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| Aug 26, 2016
In many places in rural Cambodia, emergency medical services work differently than they do in the U.S. Years of violence and destruction from the Khmer Rouge has taken a serious toll on this country’s development. Instead of an ambulance quickly arriving at the site of an accident and providing care, emergency vehicles may show up under-equipped and responders may not have the training they need to save the victim’s life - triage, how to treat patients at the scene of an accident, or even how to safely administer CPR. The need is urgent - roads are developing quickly, putting even greater strain on a system that is already struggling to recover.
Medical Teams International has a solution for this growing complication in Cambodia. In several provinces, we have taken action to improve emergency medical services, or put services into place where there were none. To do this, we are training people at all levels: doctors, nurses, physicians and first responders. We're also helping provide equipment and technical support in some areas. This program is providing education to improve the quality of medical care in emergency situations.
Emergency training in action: Dr. Tam
Dr. Tam is a doctor in Cambodia and an inspiring example of how this training changes lives in the hands of local medical staff. With the provided training, Tam says he feels “refreshed” and is now confident in emergency situations. He learned how to assign degrees of urgency of the wounded or ill when there are a large number of patients, how to perform patient assessment, how to do CPR as well as learning how to treat a patient at the scene of an accident. Tam says his training “fills the gap” in what Cambodian doctors and nurses know to do, and he is immensely happy about what he has learned. During the training, he was one of Medical Teams International’s best students and is now training other doctors in the hospital where he works.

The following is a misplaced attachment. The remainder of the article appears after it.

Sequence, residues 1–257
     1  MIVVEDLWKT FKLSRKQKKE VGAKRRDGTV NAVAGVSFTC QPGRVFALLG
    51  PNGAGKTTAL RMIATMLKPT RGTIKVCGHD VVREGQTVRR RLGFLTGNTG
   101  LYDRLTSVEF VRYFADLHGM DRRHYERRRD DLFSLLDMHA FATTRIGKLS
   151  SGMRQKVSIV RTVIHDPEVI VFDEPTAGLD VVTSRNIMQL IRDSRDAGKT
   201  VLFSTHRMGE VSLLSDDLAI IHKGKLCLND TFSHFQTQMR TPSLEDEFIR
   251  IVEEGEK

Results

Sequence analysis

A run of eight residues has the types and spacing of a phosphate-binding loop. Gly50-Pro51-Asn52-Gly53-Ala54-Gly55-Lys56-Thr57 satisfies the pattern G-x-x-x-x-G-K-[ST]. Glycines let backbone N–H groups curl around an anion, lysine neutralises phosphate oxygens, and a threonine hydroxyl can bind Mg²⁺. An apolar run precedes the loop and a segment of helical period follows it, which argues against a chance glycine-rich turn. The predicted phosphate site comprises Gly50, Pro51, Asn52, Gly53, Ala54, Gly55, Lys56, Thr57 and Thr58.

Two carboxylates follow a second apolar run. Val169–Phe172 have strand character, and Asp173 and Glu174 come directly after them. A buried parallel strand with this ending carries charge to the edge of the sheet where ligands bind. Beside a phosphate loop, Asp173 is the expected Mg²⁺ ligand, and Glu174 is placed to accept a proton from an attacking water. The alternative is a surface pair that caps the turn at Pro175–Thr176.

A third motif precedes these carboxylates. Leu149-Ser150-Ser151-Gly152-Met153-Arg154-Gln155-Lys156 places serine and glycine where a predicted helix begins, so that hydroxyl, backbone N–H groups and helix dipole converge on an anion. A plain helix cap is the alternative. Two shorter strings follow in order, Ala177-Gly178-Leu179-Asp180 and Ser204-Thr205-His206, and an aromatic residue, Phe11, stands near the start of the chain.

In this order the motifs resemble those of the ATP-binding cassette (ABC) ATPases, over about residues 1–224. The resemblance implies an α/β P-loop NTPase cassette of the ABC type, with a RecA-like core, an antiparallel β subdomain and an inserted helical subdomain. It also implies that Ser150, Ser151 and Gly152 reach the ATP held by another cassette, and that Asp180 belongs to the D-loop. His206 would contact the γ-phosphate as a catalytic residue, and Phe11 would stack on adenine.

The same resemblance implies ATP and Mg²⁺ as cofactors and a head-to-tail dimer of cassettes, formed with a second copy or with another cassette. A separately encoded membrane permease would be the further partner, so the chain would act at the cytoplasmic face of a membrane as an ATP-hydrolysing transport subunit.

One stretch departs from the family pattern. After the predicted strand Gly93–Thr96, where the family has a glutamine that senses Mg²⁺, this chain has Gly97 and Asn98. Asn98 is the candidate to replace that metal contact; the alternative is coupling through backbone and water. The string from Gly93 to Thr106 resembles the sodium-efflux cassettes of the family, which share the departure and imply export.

Before, medical responders wouldn’t have known what to do. They would have thrown the patient into the back of the vehicle and transported them to the hospital, but with his training, Dr. Tam knew what to do.
Tam’s training is already saving lives. Not long ago, Dr. Tam arrived at the scene of a car accident where one person was severely injured. Before, medical responders wouldn’t have known what to do. They would have thrown the patient into the back of the vehicle and transported them to the hospital, but with his training, Dr. Tam knew what to do. This time, he was confident about his actions. He performed a rapid assessment on the bleeding and unconscious patient and was able to stabilize him. Tam then transported the patient to a hospital, monitoring his condition along the way. Upon arrival, Tam’s staff hooked the patient up to an IV to supply medicine, before the patient was rushed to emergency surgery.
Reflecting on his training, before and after, Tam said, “Without MTI, those patients die on the scene. Because of this knowledge, the ability to save lives is increasing.” With his training, Dr. Tam Harklang is giving other first responders in Cambodia the tools to save lives.